If it's true Japanese Kobe (with the very extravagant price) and you've got some of the better cuts, I'd go for very thin slices that are quickly grilled over charcoal with salt and pepper. Just a few moments to sear while leaving the interior juicy. On hot, steamed rice with a little soy sauce. Unbelievable.
Last summer while visiting Japan, my mentor treated me to an A5 Kobe meal (A5 being the grade) and it was just stellar. Simple cuts self-cooked over a charcoal grill. Unbelievable. The texture and flavor of true Kobe is unparalleled. I dream about it. The quality of the meat was so good that they made for amazing raw nigiri sushi.
Either way, keep it simple. Let the flavor of the meat speak for itself. Afterall, that's what you're paying the premium for.
I hope you tell us what you did and how it came out! My understanding is that Wagyu shouldn't be cooked "black and blue" because of the fat content -- lumps of cold fat are not appealing. I think it's supposed to be cooked at least enough to heat all the fat through, i.e., no less than "warm red."
I've had Wagyu steaks before and have always found them rather disappointing. Something about the heavy marbling is a big turn-off -- sort of like the old adage "too much of a good thing ..."
I tend to think that Wagyu is best enjoyed in shabu-shabu ... sliced thin, and blanched very quickly in the boiling broth. But that's just me.
Hope you enjoyed your ribeye steaks.
Here's an unorthodox way of cooking wagyu beef that I have come to prefer: cook it on very low heat. Wagyu beef fat has a lower melting point than ordinary beef so you do not want to blast it with searing heat like normal steak. It takes a good while longer to cook than the conventional high searing heat method, but the beef cooks more uniformly and the texture is also more tender in my opinion. Due to the lack of intense heat there will not be much caramelisation. To me this is desirable in the case of wagyu though because you can appreciate the pure flavour of the meat. It also looks sensational because when you slice the meat, it's a uniform pink all the way through the steak inside. Do not worry about it drying out or dropping its juices because it's on low heat ... It won't.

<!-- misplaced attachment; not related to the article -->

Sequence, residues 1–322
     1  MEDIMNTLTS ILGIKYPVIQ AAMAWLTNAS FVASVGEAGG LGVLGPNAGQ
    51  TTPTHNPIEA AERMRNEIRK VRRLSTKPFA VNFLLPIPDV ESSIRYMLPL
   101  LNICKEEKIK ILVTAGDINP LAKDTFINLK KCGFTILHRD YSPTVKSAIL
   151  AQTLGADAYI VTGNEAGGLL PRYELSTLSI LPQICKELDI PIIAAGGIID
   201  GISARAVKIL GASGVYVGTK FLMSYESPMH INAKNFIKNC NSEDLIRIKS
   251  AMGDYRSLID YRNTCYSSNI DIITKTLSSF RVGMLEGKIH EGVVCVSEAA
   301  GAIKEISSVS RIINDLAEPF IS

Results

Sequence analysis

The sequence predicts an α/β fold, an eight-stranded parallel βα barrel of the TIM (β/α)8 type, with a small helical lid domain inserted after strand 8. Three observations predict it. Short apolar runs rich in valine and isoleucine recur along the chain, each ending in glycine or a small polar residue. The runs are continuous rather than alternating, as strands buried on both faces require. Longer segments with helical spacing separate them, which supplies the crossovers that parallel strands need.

I've actually done a test ... I cut a wagyu steak in half and did half on normal high searing heat method, and the other with the low heat method. I found the low heat method produced much better results for the reasons given above.
Okay, so here's the report.
Long story short--Wagyu (or at least this particular Wagyu) is just beef. Really good beef, but just beef nonetheless. So if you can cook a steak, and if you have a nearby butcher selling the stuff for a reasonable price, don’t worry about it, just go out and get some.
FWIW, my best guess from looking at pictures on the 'net is that the marbling would put these steaks somewhere around BMS Grade 5 (on a scale of 1 to 12). There was lots of intramuscular fat—noticeably more than the ordinary USDA Prime ribeye next to it in the case—but the center of the steak was still far more red than white. (Wait a minute, did I just say "ordinary USDA Prime ribeye"? Wet noodle time.)
Anyway, I went with the 90-second-per-side sear over high heat. Despite the short cooking time, the meat lost a LOT of fat; 2 pounds of steak generated maybe a quarter-cup of drippings. Which is probably why the butcher suggested cooking them in a pan instead of on the grill—flare-ups could potentially be a major problem.
After a 5-minute rest in a 140F warming oven, the steaks had a nice crust on the outside and were very rare, but not blue, in the middle. At the rate they were losing fat, I wouldn’t cook them any further than rare; they might disappear. The flavor was outstanding, but not distinctive in any way. That is to say, the meat tasted like prime beef, only more so; I couldn't detect any special "Wagyu-ness." It was tender, but didn't melt in the mouth, and had all the bits of gristle you'll find in any normally-trimmed ribeye.
This was definitely one of the better steaks I’ve ever had. And to think that according to the Japanese grading system it was just “Average” to “Good.” Wow. One of these days I’ll have to get my hands on some beef with a double-digit BMS grade, and get all nervous again. But in the meanwhile, with this stuff there’s nothing to be nervous about. Just don’t overcook it and everything will be fine.
As to the rest of the meal, the Bordeaux worked well with the steak and was quite nice, although it’s still young—it needed to breathe for about 3 hours. And the sides were bonehead simple to make and were thoroughly enjoyed by all. Recipes (serve four) follow.
Ginger-glazed carrots: Put a pound of carrots, a nub of butter, a pinch of salt, and a can of Hansen’s (or other HFCS-free) ginger ale in a small saucepan. Cook uncovered over medium heat, tossing occasionally, until the ginger ale is reduced to a glaze.
Creamed spinach: In a large sauce pan, sweat a chopped shallot in butter until softened. Add one pound of spinach and cook until wilted. Add ½ cup half-and-half and simmer uncovered over low heat, stirring occasionally, until thickened. Season with salt, white pepper, and nutmeg to taste.